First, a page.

Mapping a cleaner San Diego

Sebastian Sarria, MPP ‘20 models the fight for clean energy at the City of San Diego, utilizing his GIS expertise to work on the city’s Climate Action Plan

Dec. 16, 2019 | By Rachel Hommel | GPS News

news_sarria.jpgBorn in Colombia but raised in Florida, Sebastian Sarria has experienced the destruction of Mother Nature and how it affects our communities, especially those of color. Wanting to learn more about environmental policy, the UC San Diego School of Global Policy and Strategy (GPS) has nurtured his interest in advocacy with real-world experiential learning. 

“I want to be the best policymaker and clean energy analyst I can be. To do that, I needed to understand more than just the advocacy side,” said Sarria, a 2020 Master of Public Policy candidate specializing in the energy and environmental policy track.

As a former Clean Energy Coordinator for Climate Action Campaign, Sarria is well versed in the City of San Diego’s Climate Action Plan (CAP), approved December 2015 by San Diego’s environmental, business and community leaders to create a cleaner San Diego for future generations. The ambitious plan calls for eliminating half of all greenhouse gas emissions and aims for all electricity used in the city to be from renewable sources by 2035.

“San Diego is a mecca for energy work, but not a lot of people know about it,” said Sarria. “While California passed SB 100 to reach 100 percent clean energy by 2045, we are already ahead of the game. While there a lot of regulations and moving pieces, we are leading the charge.”

The CAP is a package of policies that will benefit San Diego’s environment and economy, hoping to create new jobs in the renewable energy industry while improving public health and air quality, as well as increasing clean energy production. This past spring quarter, Sarria was able to bring a new set of skills to the office, gleaning his expertise in GIS for a yearlong internship at the City of San Diego.

“I came to GPS knowing a good amount of high-level policy work, but in terms of more granular details. Learning GIS was incredibly relevant and I’ve used it all of the time at the City,” stressed Sarria. “Additionally, the course Energy Systems and Innovation taught me the fundamentals of energy engineering, which has proven very useful.”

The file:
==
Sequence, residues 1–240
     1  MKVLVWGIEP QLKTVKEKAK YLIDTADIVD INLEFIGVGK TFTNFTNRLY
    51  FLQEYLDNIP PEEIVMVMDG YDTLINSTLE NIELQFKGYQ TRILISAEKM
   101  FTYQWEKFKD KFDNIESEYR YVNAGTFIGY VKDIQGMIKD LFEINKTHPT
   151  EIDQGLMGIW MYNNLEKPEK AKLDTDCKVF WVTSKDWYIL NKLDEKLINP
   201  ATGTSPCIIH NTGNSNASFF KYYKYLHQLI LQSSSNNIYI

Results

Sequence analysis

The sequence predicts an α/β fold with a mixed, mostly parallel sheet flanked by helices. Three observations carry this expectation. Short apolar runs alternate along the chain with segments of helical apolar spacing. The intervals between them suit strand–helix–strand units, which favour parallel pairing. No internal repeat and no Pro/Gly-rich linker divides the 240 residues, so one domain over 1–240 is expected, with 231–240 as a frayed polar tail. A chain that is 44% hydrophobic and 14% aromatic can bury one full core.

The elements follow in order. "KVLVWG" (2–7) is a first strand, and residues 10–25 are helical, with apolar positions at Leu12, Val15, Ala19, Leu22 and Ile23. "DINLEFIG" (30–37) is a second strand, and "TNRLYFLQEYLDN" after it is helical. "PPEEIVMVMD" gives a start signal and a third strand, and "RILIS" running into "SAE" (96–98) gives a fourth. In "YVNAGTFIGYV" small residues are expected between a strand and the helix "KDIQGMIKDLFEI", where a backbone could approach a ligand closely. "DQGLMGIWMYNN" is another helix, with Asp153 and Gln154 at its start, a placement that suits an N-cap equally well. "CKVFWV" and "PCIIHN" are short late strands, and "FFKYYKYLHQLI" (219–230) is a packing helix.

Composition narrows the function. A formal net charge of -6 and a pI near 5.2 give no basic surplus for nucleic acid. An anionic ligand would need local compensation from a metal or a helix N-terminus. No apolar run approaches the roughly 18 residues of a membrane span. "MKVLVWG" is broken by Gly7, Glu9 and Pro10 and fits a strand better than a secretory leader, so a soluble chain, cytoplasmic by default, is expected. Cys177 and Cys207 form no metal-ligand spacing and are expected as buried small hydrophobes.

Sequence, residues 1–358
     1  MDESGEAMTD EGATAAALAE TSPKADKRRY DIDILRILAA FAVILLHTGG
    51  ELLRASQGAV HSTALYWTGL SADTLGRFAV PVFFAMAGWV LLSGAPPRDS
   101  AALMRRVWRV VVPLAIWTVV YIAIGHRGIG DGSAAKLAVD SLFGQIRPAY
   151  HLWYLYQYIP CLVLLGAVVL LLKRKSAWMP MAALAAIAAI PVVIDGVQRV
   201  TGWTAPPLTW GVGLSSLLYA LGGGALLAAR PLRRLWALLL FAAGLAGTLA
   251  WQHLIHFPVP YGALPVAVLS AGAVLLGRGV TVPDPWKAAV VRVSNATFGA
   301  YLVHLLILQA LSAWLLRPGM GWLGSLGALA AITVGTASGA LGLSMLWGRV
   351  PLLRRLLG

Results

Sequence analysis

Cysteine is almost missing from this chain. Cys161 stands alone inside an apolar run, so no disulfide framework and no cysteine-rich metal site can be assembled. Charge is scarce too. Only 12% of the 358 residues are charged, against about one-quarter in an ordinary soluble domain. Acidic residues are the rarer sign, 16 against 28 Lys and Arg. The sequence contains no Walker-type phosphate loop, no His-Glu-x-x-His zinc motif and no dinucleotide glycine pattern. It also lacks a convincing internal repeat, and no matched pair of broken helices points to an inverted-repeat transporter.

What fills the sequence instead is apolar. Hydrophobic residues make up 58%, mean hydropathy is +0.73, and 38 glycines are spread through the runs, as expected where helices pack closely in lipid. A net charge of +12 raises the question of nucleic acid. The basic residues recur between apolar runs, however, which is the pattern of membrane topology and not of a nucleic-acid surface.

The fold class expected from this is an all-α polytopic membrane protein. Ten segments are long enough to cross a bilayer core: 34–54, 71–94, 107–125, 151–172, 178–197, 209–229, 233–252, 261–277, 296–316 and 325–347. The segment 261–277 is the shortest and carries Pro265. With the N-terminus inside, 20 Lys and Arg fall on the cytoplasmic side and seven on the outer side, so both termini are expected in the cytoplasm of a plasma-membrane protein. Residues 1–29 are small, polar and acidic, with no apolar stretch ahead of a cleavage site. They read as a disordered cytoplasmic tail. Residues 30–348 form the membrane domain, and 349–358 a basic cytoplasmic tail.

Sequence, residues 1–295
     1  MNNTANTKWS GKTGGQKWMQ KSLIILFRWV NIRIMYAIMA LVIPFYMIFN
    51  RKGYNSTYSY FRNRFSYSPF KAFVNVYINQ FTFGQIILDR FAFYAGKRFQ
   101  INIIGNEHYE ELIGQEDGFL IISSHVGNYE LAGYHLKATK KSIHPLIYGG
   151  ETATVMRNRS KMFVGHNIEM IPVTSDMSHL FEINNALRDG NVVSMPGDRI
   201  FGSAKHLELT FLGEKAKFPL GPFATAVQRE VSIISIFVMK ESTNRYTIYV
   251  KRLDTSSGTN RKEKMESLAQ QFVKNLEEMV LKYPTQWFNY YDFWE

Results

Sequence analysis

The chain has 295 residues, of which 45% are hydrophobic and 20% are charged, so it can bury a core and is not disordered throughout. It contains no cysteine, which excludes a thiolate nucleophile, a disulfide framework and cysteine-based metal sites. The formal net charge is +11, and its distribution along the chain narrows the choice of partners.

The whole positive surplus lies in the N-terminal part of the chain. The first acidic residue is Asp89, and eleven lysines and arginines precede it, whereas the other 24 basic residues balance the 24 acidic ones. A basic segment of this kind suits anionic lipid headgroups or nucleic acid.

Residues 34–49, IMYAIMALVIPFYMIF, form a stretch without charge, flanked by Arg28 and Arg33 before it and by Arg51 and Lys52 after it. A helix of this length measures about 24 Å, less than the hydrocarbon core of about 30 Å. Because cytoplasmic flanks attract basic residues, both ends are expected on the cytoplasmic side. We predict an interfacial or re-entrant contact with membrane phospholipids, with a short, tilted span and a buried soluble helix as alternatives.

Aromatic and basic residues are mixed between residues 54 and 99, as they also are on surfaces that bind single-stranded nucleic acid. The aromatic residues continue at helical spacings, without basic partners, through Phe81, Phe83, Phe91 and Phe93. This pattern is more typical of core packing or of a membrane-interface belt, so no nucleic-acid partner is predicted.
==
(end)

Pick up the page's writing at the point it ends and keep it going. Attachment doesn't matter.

news_sarria-cc-edit.jpgCurrently, Sarria is working on creating an equity index, with over 30 key categories to identify and analyze from proximity of transit stops to exposure to hazardous materials. Teaching himself how to use and acquire census data, he has quickly become one of the in-house GIS experts within the Sustainability Department, condensing data into a GIS friendly format to create a map which will highlight communities of concern, showing equity on a broad scale.

“There is a lack of people with GIS knowledge. If you have it, you will get pulled into meetings and projects others interns simply will not,” said Sarria. “You get put into the fast track of learning and become a vital team member.”

While the energy industry is undoubtedly complex, Sarria believes that GPS students have the opportunity to lead the charge, helping the city implement new plans to change the future of energy for San Diego and make critical connections between academia and the policy community. 

“Policy and energy work must go hand in hand,” stressed Sarria. “GPS has allowed me to learn the regulatory and economic side of energy, to understand what’s feasible not only today but tomorrow and for the future.”

Additional energy stories:

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Solar energy and pursuing the policy dream

Environmental heroes work towards a healthier California at CSE

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